“I’m Borrowing my Friend’s Car… Am I Covered?”

When it comes to insurance, most people think they have a pretty good idea of what is or isn’t covered by their policies. However, there are always a few subjects which tend to trip people up, including the details of insurance coverage when borrowing or loaning a car.

Whether you’re looking to borrow your neighbor’s truck for a home improvement project or a neighbor wants to borrow yours to drop off some old furniture at Goodwill, questions about liability are sure to cross your mind. If you (or your neighbor) get into an accident, whose insurance picks up the tab?

The short answer is, it’s usually the car’s owner. Insurance coverage tends to follow the vehicle rather than the driver, which basically means that it doesn’t matter who’s driving the car so long as the owner gave them permission to drive it.insurance coverage when borrowing or loaning a car

However, it’s worth noting that the borrower’s insurance is considered as being secondary. If the owner’s insurance policy isn’t enough to fully cover the damage, the remainder could come from the borrower’s policy.

Pretty straightforward, right? Here’s where it gets a bit tricky: There are some exceptions to “permissive use” coverage.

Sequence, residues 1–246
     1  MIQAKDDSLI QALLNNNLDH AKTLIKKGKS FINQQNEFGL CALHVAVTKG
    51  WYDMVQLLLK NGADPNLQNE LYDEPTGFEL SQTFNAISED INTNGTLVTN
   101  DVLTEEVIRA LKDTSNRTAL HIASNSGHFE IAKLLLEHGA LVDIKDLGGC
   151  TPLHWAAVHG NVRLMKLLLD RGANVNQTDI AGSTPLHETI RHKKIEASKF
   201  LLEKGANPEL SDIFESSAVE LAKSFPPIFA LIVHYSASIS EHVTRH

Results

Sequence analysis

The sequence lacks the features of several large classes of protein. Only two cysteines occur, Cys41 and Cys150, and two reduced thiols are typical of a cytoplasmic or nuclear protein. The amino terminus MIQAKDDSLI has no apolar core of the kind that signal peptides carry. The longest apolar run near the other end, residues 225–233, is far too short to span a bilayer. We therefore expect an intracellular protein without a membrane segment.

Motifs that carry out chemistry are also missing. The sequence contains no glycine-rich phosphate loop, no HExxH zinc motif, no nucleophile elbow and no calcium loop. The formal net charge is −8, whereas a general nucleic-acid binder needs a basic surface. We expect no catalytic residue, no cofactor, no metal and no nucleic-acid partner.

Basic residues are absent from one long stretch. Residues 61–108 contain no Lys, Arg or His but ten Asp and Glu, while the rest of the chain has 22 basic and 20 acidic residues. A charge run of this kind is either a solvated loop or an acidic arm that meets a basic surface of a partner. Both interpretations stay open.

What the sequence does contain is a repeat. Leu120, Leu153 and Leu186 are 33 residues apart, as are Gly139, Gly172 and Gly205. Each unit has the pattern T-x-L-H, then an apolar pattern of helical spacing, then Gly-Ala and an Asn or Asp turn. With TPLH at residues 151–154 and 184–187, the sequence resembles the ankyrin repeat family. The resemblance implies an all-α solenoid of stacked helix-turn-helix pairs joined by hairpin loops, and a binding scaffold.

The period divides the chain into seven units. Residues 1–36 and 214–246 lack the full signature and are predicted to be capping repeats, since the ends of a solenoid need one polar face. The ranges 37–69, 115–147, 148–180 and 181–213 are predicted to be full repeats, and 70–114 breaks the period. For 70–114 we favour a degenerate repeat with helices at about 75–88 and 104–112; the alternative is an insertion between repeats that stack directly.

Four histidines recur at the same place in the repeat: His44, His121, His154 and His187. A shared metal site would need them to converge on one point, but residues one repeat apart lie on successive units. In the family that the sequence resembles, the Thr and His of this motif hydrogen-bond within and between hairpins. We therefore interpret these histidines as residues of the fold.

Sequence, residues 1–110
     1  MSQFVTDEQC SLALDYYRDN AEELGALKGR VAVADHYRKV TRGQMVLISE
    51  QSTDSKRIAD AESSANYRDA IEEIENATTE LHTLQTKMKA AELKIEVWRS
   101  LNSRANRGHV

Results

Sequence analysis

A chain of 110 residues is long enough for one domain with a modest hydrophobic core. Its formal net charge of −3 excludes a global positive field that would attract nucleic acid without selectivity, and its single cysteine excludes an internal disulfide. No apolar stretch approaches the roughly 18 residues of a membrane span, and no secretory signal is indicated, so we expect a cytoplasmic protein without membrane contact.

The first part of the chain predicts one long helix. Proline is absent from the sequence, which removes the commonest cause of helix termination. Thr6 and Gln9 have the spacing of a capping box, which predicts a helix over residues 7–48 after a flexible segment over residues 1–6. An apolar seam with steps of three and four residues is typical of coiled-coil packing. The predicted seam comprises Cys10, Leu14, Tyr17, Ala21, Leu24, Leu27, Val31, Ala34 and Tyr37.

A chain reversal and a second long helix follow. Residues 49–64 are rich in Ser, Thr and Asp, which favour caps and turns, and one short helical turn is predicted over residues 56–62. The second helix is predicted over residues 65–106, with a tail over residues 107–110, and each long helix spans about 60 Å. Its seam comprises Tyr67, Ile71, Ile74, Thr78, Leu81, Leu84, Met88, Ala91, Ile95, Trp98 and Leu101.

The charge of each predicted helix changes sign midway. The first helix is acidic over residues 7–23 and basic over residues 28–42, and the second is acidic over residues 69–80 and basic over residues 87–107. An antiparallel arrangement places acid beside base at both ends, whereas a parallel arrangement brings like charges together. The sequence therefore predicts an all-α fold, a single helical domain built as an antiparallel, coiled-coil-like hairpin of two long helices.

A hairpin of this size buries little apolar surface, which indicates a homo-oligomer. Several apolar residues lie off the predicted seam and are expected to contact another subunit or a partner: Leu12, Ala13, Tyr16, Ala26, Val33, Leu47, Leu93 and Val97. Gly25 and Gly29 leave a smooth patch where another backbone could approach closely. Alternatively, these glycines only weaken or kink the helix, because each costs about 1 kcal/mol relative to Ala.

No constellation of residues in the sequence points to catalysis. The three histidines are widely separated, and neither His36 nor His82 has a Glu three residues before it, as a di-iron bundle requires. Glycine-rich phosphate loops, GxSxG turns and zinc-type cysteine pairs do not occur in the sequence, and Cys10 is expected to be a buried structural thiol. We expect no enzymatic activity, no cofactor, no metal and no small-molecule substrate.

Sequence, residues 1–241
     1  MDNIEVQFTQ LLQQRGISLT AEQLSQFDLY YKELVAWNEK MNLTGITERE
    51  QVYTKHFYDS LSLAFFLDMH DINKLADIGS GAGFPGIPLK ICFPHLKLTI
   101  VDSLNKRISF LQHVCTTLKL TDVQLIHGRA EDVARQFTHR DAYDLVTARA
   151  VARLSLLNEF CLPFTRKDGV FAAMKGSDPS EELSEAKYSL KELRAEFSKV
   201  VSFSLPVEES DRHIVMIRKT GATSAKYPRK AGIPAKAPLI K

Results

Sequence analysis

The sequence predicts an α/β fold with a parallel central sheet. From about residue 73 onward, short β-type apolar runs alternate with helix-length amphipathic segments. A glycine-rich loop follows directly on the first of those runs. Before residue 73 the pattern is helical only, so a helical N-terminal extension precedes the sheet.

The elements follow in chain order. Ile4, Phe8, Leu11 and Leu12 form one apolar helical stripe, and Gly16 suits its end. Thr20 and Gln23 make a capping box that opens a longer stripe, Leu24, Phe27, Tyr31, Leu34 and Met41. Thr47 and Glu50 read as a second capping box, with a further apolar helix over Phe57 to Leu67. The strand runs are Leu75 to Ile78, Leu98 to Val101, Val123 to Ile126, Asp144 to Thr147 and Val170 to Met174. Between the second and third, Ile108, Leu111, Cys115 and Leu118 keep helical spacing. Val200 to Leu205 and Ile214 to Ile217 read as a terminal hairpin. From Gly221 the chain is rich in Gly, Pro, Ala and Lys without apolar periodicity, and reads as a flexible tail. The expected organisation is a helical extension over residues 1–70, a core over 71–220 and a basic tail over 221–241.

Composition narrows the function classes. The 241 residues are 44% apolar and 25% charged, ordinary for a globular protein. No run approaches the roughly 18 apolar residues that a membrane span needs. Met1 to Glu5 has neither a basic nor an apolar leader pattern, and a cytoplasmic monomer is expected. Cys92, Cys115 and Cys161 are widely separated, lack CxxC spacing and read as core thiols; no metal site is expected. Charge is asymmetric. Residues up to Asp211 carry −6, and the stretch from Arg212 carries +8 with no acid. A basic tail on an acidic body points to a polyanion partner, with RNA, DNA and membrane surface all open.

For example, permission must be given by the owner, unless the borrower has a reasonable belief that they’re allowed to use the car (such as having been allowed to borrow it frequently in the past). However, the borrower cannot give permission to somebody else. So if your teenager lets one of his or her friends borrow your car to grab a burger from Maggie McFly’s, your coverage likely won’t apply.

Coverage could also be denied if the borrower operates the vehicle in a negligent or criminal manner. And, if the borrower is using your car for business purposes, your personal auto policy probably won’t cover that.

If you have a regular long-term arrangement where you’re either borrowing or lending a car,  the smartest thing to do would be to add the borrower to the owner’s personal auto policy since it provides a greater guarantee of coverage. Those who don’t own a car, but often borrow one, might also consider “named non-owner coverage,” which is a kind of policy that provides bodily injury and property damage liability, uninsured motorists coverage, and more.

Ultimately, it’s usually safe to loan your friend your car for occasional errands or projects. And the same goes for borrowing a car. Just make sure it’s for “normal” use. You’ll want to confirm that the car has coverage and that your insurance coverage when borrowing or loaning a car will apply.

Any other questions? Feel free to give us a call at (203) 775-2564. After all —you don’t want to wait until after an accident to get answers!

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